It’s common for survivors of domestic violence to develop more of an anxious or fearful attachment style. Anxious attachment may lead to restlessness and insecurity in a healthy relationship, as the absence of drama and volatility feels unfamiliar. Fearful-avoidant attachment can evoke mixed emotions, as survivors grapple with a desire for connection and a fear of vulnerability.

Understanding the impact of attachment styles is essential for survivors seeking to rebuild their lives and cultivate healthy relationships. Different attachment styles can influence our emotional reactions to safety and stability, leading to feelings of restlessness, insecurity, or even apathy.

I look forward to delving deeper into the impacts of trauma on each of the attachment styles in future posts.

Me and Trauma Vibe Like That: CPTSD Symptoms

I’ve been struggling more than usual with my CPTSD symptoms after some slight life road bumps which have ramped up my stress levels to an uncomfortable level.

As someone who has experienced or studied trauma may be able to guess, the added stress has led to a depleted social battery, low sexual appetite, irritability, and other behaviors that I’m sure have led to me being a general joy to be around. This increase in symptoms has also led me to question my feelings and experiences even more than usual.

Symptoms such as those above can intensify the challenges survivors already face in forming and maintaining healthy relationships. It can also make it difficult to trust the validity of our own emotions, experiences, and decision-making skills. It is essential to acknowledge the impact of these symptoms and communicate openly with a loved one who can validate our experiences and understand our unique needs.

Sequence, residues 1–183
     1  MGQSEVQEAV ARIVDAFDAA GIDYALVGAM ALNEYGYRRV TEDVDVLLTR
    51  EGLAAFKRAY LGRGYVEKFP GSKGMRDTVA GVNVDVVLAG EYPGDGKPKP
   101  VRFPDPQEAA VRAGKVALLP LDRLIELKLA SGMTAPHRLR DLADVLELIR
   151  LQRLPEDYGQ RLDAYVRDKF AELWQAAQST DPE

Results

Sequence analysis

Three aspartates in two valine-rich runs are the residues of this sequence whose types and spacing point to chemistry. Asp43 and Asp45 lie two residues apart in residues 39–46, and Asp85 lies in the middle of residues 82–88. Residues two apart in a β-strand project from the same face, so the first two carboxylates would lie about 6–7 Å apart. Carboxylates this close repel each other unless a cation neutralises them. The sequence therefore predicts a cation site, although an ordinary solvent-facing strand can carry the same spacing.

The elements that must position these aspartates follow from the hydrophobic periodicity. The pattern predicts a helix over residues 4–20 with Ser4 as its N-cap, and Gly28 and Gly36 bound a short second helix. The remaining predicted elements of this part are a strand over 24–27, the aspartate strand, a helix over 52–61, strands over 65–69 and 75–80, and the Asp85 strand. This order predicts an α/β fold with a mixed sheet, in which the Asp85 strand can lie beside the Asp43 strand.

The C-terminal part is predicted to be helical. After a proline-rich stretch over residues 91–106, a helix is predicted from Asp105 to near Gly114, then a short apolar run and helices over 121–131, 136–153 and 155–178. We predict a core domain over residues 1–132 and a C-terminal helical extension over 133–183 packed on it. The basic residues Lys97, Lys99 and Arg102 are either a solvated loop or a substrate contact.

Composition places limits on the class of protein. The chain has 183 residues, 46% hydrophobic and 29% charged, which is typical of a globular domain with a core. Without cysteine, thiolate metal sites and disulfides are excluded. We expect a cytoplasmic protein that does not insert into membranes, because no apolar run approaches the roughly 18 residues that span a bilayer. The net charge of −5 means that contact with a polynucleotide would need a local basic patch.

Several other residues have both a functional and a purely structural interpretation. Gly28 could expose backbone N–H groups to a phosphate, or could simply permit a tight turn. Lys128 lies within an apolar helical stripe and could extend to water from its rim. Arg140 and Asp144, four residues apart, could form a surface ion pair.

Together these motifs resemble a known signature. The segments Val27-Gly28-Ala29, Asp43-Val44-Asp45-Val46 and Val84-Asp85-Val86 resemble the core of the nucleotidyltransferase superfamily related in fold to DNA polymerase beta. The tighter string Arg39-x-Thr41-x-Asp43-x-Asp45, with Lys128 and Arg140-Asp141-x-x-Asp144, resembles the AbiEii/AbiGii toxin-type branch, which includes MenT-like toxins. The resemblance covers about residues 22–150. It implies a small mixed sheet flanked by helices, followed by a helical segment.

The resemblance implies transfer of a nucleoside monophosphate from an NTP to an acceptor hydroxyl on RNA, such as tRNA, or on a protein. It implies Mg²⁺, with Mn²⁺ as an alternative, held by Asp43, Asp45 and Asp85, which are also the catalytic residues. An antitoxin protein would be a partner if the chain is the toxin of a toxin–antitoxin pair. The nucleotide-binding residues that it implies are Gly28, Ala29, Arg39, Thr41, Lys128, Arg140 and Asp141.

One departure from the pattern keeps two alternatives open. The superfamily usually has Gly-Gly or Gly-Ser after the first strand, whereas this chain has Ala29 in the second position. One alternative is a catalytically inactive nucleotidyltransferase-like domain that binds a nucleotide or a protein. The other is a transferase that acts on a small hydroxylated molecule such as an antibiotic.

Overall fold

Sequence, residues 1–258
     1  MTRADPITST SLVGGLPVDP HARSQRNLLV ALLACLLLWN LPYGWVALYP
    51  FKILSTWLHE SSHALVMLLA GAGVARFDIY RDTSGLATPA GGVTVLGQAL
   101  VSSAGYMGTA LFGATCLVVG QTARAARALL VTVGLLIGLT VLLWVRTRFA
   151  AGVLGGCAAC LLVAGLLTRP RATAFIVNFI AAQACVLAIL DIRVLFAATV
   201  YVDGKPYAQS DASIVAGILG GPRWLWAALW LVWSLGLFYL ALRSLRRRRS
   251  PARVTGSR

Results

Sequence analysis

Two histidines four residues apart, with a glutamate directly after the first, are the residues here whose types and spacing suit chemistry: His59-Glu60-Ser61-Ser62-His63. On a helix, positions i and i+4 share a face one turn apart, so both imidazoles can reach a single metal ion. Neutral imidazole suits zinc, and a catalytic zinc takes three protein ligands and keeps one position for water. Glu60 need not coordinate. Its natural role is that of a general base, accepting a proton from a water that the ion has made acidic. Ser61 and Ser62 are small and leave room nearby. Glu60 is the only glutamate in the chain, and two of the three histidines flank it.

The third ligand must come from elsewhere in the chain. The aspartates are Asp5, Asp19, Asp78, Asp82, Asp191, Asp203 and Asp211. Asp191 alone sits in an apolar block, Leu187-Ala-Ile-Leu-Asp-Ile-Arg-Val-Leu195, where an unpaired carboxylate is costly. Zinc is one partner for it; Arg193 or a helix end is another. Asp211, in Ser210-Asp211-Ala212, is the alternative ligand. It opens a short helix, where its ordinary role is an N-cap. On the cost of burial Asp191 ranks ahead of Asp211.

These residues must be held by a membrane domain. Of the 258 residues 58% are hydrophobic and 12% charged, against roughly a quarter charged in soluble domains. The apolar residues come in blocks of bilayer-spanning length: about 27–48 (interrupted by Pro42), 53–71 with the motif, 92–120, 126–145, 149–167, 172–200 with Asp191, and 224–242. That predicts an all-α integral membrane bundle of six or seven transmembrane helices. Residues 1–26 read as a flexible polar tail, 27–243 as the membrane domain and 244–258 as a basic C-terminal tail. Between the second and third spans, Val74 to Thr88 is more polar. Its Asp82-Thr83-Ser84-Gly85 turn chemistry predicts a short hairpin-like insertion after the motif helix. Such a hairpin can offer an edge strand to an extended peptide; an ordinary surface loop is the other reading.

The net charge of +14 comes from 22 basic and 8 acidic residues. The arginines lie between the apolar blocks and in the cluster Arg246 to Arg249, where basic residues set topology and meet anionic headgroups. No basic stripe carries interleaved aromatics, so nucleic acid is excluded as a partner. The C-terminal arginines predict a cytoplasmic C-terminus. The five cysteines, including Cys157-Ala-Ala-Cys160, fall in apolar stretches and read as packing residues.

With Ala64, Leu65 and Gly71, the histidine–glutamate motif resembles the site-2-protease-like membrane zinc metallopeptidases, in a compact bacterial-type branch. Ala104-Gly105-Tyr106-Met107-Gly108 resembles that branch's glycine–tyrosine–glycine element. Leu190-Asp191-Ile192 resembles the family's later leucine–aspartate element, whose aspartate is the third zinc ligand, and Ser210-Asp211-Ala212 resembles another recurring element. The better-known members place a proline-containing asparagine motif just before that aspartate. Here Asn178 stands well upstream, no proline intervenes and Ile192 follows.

Late Night Talking: Open Communication

Sharing feelings and concerns with trusted partners is crucial in navigating any healthy relationship. For trauma survivors, discussing past experiences, triggers, and the often inconsistent emotions we encounter can promote understanding. The ultimate goal is a safe space where both partners can openly address their needs, fears, and desires.

Acknowledging and processing discomfort that can arise in a healthy relationship can help us break free from the cycle of violence, avoid self-sabotage, and embrace a future enveloped by love, respect, and security.

In future posts, we’ll delve into more specific things you can do to help loved ones who have experienced trauma, but for now, I recommend exploring the resources here.


Complex and confusing feelings can arise for abuse survivors who enter healthy relationships. It can be tough to recognize that feeling uneasy, apathetic, or stressed in a healthy relationship is not necessarily a reflection of dissatisfaction, but rather a product of the trauma we have experienced.

By understanding the science behind these emotions and engaging in open communication with partners, we can discover the joys of comfort and safety in fulfilling relationships. Learning how to receive secure, healthy love is a brave step toward reclaiming our lives and finding solace in the embrace of those who genuinely cherish us.

This is something definitely worth exploring with my partner (perhaps in a follow-up post?) as he’s exceptionally emotionally attuned and would, I’m sure, have some great insights on the topic.

Subscribe in one click to receive your FREE digital copy of my new guided journal, “Empower and Heal: 90 Days of Transformational Prompts for Trauma Recovery, Self-Discovery, and Growth”, delivered straight to your inbox!

Veronica Wren Trauma Recovery Book Club

Maame: A Novel — Jessica George

This post contains affiliate links. This just means if you click a link and decide to make a purchase, I'll earn a few extra pennies to support my book-buying habit (and do an elaborate, celebratory dance around my apartment just for you). My promise to you is that I'll only ever recommend resources I truly believe in and have found beneficial in my healing journey. Happy reading!


About the Creator

Veronica Wren

Trauma sucks. Recovery shouldn't. Subscribe here for your FREE exclusive guided journal

❤️‍🩹 ❤️‍🩹

Domestic Abuse & CPTSD Recovery Coach